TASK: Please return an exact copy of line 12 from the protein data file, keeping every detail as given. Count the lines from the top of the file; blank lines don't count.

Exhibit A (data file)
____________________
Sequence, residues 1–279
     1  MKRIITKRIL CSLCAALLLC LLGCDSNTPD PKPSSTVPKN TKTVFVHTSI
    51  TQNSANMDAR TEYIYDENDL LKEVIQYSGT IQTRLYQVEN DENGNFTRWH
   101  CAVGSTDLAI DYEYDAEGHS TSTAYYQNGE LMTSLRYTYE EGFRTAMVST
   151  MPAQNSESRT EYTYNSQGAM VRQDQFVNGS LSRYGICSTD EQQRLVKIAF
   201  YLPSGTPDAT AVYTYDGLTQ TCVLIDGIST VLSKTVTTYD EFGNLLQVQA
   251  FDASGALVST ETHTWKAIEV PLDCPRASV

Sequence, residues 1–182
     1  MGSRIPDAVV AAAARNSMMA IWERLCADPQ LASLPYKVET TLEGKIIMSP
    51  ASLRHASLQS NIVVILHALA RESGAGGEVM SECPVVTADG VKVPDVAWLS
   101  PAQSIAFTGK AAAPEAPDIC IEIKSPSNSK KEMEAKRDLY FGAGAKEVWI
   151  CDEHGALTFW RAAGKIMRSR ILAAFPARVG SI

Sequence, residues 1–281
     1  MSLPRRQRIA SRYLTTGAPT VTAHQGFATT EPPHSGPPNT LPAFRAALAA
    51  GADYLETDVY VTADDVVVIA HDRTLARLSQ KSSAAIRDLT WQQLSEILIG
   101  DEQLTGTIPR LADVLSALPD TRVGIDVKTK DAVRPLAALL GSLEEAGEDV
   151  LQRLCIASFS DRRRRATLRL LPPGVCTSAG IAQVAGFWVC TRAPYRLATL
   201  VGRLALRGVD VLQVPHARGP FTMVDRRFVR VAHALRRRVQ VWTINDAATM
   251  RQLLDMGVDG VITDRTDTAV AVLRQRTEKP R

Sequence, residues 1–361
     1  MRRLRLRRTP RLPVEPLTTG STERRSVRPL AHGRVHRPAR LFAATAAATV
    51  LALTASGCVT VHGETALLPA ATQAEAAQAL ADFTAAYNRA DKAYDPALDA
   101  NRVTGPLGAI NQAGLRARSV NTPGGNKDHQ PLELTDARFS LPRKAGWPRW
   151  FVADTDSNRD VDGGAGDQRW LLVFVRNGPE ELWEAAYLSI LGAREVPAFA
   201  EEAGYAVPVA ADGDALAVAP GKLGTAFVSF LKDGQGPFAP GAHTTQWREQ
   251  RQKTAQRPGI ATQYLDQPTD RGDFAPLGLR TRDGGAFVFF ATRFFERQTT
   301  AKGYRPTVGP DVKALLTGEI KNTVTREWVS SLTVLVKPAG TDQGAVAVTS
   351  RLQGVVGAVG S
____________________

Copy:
   151  CDEHGALTFW RAAGKIMRSR ILAAFPARVG SI